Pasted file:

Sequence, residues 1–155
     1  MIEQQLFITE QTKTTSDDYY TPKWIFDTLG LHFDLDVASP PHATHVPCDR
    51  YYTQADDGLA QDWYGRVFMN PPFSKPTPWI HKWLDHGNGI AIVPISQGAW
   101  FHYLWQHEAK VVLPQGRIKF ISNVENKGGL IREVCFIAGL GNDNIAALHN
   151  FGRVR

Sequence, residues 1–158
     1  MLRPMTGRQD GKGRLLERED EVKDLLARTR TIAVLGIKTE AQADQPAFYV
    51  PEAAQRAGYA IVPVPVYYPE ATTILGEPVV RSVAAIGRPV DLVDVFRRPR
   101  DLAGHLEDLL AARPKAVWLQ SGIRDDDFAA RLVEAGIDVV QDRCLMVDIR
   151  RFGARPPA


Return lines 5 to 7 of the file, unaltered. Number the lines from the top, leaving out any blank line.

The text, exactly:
   151  FGRVR

Sequence, residues 1–158
     1  MLRPMTGRQD GKGRLLERED EVKDLLARTR TIAVLGIKTE AQADQPAFYV